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Historic New England shares more than 1,250 acres with the public at our historic sites. We offer outside spaces that range from formal gardens to woodlands and working farms.
One of our most popular is Spencer-Peirce-Little Farm in Newbury, Mass. Visitors can enjoy the lovely manor house, spend some time with the farm animals in the paddock, and hike through the surrounding grounds.
Few, however, are aware of the scope of the 230 acres or the role the salt marsh on the property plays in protecting the coast from erosion and flooding, offering food and refuge to hundreds of species, and improving air and water quality.
A bird’s eye view of Historic New England’s Spencer-Peirce-Little Farm sweeps up the lane, over the cruciform house and long barn, over the meadow, across the Plum Island Turnpike, and lingers on the expanse of salt marsh that lies beyond.
The farm holdings are part of the Great Marsh, the largest continuous salt marsh in New England, twenty thousand acres running from Cape Ann into New Hampshire. Indigenous people fished and hunted in the Great Marsh, and it is no accident that many of the first European settlers in New England made their homes here. The key to this fortuitous relationship for John Spencer, Daniel Peirce, and the farmers that followed, is the ubiquitous spartina patens, or salt marsh hay.
The people who settled in Newbury in 1635 came to establish a Puritan community, but they also had their eye on profits. As a stock-raising company, their ability to feed cattle and sheep in the first years of settlement determined their chances of success. The harsh winters of New England necessitated a large store of nutritious hay for these animals. For inland farmers, clearing land of trees and rocks to encourage the growth of meadow hay was a labor-intensive, years-long process. For the farmers in Newbury, the marsh was free of rocks and trees and provided nutritious and plentiful feed for animals that was available immediately. In addition, the coarser cordgrass (spartina alterniflora) that grew along the lower marsh provided valuable bedding, thatch, and insulation.
Over time, specialized tools, traditions, and techniques developed to harvest salt marsh grasses. In the spring, ditches were cut in the marsh for drainage and channels in the marsh dredged and widened. In the late summer, hay was cut and collected into small piles, or cocks, which were then transported on pairs of long poles to higher ground or gathered by flat-bottom boats that wound slowly through the channels cut into the marsh. Haying was often a community endeavor, with families sleeping out on marsh islands, cut off from the mainland at high tide. Despite its rigor and difficulty, haying often had a celebratory aspect, as friends and neighbors worked together in the sunshine. Oxen, and later horses, were fitted with large, flat “bog shoes,” so they would not sink as they walked. A special sled called a pung carried hay from the marsh during low-tide or when the ground was frozen. Farmers kept a close eye on the moon and the weather, knowing that a high tide or a storm would sweep away their stacks and threaten their livelihood.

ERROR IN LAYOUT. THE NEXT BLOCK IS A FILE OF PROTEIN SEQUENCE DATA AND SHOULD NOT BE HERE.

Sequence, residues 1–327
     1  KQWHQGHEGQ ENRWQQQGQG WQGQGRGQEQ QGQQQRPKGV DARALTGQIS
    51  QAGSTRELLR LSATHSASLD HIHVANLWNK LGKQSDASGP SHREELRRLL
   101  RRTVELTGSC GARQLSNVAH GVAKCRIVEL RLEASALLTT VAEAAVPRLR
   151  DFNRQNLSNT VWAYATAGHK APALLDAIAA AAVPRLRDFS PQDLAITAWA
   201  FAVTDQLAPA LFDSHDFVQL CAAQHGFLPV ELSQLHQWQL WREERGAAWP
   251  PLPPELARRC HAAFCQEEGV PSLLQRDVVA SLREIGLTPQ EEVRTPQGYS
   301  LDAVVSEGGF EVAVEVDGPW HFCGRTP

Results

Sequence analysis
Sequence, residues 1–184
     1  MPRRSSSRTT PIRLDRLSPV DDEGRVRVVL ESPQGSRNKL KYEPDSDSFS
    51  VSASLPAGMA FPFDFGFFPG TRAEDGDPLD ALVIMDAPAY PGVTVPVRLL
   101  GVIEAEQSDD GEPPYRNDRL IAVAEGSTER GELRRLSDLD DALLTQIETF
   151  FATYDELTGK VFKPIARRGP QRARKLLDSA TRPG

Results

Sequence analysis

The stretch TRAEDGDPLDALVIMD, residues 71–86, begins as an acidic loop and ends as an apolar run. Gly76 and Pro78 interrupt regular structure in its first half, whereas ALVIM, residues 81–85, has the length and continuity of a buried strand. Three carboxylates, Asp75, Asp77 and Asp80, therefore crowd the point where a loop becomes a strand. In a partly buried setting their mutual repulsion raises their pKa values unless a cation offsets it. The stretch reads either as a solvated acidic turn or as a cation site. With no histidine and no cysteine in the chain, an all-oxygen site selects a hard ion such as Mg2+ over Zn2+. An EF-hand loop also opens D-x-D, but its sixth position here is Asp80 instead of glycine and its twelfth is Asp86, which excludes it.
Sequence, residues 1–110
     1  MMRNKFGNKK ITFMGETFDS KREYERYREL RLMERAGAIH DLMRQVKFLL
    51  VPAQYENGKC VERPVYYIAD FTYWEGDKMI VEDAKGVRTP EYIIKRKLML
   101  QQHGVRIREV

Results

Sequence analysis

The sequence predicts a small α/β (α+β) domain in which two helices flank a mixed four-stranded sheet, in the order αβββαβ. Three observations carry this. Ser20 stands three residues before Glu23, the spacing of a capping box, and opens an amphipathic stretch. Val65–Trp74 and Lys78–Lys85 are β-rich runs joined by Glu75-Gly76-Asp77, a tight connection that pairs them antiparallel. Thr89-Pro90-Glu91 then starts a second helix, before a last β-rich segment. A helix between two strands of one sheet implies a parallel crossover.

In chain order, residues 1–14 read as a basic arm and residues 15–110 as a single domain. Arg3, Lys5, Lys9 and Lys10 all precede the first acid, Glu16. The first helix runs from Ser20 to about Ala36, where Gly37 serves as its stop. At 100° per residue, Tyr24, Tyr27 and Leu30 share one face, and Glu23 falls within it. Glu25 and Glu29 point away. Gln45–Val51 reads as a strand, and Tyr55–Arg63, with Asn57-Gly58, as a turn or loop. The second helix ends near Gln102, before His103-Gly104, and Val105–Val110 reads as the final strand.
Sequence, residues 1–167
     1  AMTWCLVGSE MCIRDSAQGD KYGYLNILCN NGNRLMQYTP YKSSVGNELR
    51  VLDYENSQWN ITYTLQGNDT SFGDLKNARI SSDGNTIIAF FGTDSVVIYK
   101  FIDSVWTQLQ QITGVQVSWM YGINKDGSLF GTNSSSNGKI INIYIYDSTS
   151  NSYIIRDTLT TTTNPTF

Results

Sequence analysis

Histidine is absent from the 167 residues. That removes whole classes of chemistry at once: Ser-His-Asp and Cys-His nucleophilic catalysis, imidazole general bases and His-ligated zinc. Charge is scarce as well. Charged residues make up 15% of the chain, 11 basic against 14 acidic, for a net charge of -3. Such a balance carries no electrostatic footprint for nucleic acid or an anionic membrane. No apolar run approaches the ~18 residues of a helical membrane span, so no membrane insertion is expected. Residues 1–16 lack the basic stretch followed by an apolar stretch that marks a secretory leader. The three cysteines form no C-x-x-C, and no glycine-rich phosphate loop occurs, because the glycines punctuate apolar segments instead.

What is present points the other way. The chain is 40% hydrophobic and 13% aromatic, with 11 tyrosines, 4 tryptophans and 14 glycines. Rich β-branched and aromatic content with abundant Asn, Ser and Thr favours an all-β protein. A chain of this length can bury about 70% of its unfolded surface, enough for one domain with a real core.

Once cut, hay was often piled and stored on staddles, long stakes driven into the marsh bed and forming a base that rose above high tide. These haystacks, with their distinctive beehive shape, were carefully formed by skilled farmers, often specialists who helped to build dozens of stacks and were paid or bartered for their services. It was said that you could tell who had built a Newbury stack from a mile away, its layers carefully sloped to repel rain and resist high wind. When the ground froze, hay was brought to the barn and fed animals through the winter. Haying was difficult, often dangerous work. Richard Coffin, who rented Spencer-Peirce-Little Farm in later years, noted in his diary in 1800, “My father… let a Ditch knife fall from his Shoulder & cut his healstring about half off.”
Today, salt marsh hay is used primarily in gardening and construction work, and it is still harvested at Spencer-Peirce-Little Farm using modern machinery. The careful marsh stacks are nearly all gone, clusters of staddles the only indication of where they had been. The marsh still protects and defines the farm, however, and carries in its labyrinth of channels and slopes the memory of the years when it fed thousands of animals all winter long.
If you would like to help Historic New England maintain Spencer-Peirce-Little Farm and protect these important open spaces, make a donation. Just make a note on the form to indicate that your gift is for the farm. Your support helps.
All the information on the history of our salt hay marsh comes from Bethany Dorau. Bethany is Historic New England’s Regional Site Administrator for our North Shore properties.